Then there is what most people call the double dating for the year. That arose because in England the start of the legal year began on March 25th. So dates from Jan. 1 to March 24 usually recorded with the double years. That has always confused genealogists. If you are looking at old vital records from New England and only see one year recorded before 1752 then check to see what year is recorded after March 25th in order to get the correct year.

This part isn’t related to Washington but I have some ancestors that were early Quakers (aka Society of Friends). Quakers recorded their records as xth day, xth month, year. Before 1752 the first month was March as in the English legal calender. Then beginning in 1752 the Quakers started having January as the first month.

No matter what country you are doing research in, you should familiarize yourself with the calendar that was used at that time. George Washington really was born 282 years ago today but that day wasn’t February 22nd.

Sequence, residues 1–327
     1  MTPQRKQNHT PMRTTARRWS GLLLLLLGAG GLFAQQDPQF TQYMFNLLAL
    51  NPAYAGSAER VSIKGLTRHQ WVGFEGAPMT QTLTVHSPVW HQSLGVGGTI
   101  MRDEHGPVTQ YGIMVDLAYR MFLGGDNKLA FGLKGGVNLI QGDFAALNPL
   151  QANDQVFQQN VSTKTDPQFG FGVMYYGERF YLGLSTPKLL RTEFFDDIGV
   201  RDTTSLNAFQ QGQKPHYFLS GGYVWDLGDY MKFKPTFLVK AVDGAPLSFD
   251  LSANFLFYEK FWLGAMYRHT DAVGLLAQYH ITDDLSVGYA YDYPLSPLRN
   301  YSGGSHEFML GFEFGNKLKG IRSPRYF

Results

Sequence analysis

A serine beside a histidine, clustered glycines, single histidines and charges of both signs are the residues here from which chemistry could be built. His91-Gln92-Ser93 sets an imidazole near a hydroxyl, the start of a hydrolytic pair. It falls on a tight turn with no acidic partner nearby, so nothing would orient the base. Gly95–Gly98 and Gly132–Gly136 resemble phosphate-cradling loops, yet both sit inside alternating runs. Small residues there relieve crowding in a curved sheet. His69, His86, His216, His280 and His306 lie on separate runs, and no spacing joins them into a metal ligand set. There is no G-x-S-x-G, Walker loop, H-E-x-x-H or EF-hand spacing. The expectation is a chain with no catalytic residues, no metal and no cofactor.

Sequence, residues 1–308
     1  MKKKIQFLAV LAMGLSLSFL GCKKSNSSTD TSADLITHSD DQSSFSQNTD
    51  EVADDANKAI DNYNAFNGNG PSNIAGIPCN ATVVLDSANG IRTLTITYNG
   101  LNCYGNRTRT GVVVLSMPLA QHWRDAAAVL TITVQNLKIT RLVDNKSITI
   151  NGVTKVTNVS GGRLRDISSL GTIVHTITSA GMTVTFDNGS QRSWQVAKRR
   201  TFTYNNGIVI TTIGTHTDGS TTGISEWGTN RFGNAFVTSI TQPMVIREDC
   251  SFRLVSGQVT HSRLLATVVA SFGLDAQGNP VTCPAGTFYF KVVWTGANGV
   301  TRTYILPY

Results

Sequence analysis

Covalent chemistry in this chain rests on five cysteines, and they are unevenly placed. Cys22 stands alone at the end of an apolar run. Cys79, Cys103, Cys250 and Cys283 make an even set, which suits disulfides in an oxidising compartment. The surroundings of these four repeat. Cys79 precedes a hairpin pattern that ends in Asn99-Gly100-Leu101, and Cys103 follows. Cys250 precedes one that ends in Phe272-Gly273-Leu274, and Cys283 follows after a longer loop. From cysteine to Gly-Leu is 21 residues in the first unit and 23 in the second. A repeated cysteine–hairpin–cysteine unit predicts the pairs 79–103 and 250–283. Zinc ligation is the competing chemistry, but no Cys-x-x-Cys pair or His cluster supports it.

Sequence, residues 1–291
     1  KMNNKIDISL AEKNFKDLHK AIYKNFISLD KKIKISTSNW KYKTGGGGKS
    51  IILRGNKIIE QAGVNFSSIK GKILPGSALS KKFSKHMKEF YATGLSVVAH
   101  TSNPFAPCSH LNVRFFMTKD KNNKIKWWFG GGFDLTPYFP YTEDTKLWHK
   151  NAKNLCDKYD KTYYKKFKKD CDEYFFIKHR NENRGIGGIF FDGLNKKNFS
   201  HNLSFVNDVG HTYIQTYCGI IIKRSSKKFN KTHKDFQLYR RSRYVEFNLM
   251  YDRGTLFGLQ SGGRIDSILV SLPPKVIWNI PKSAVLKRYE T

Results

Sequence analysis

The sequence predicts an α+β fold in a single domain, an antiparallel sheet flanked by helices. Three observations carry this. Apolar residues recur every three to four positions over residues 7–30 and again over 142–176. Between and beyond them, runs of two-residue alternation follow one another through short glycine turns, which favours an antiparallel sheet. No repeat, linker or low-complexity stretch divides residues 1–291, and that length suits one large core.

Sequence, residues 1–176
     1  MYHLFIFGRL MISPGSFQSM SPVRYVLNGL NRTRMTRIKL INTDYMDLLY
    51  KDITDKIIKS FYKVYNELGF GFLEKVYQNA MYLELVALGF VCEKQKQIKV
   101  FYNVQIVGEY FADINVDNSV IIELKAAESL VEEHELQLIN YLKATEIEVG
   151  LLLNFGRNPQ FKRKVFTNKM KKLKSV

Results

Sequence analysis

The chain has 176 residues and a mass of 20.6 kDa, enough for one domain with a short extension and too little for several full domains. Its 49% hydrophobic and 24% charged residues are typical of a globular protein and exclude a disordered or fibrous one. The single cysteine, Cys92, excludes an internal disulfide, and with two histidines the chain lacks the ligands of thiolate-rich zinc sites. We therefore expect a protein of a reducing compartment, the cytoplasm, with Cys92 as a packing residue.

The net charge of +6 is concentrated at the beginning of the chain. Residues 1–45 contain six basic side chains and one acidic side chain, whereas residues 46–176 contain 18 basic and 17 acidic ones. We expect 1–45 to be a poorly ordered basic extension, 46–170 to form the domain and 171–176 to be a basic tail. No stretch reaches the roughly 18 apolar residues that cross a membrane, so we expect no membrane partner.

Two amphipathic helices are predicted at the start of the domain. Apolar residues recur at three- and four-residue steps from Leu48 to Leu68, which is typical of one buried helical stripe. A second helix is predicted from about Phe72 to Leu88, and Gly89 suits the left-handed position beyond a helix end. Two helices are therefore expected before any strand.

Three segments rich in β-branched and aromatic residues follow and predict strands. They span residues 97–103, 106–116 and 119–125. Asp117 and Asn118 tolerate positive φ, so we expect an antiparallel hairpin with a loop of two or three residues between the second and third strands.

Old News – Edison

More news from the past.

THE FAIRPORT HERALD, Wed., February 19, 1914


Ten Ounces of Food Fill Him For Fifteen Hour Work Day.


97n/36/huty/8100/23Thomas A. Edison, beginning his sixty-eighth year brimful of health and vigor, says that people eat too much and that’s why they are always getting sick and worked out. In the course of an interesting interview the wizard of electricity said::

“I started it years ago to feed myself about ten ounces of food daily. I eat everything I like, but I don’t eat much of any one thing. I persuaded Mrs. Edison that I had the right idea and after some argument she tried it and has kept right on.”

“How hard do you work now, Mr. Edison?” was asked by a reporter, and speaking close to the investigator’s right ear, for the man who produced the phonograph and perfected the telephone and who has solved wonderful problems in sound delicacy has been hard of hearing since boyhood when a Grand Trunk conductor boxed his ears for uncorking a bottle of phosphorus.

“Oh, I don’t work hard any more,” he said, with a chuckle. “I start in about 8:30 a. m. and keep at it until 12.”

“Twelve, noon?”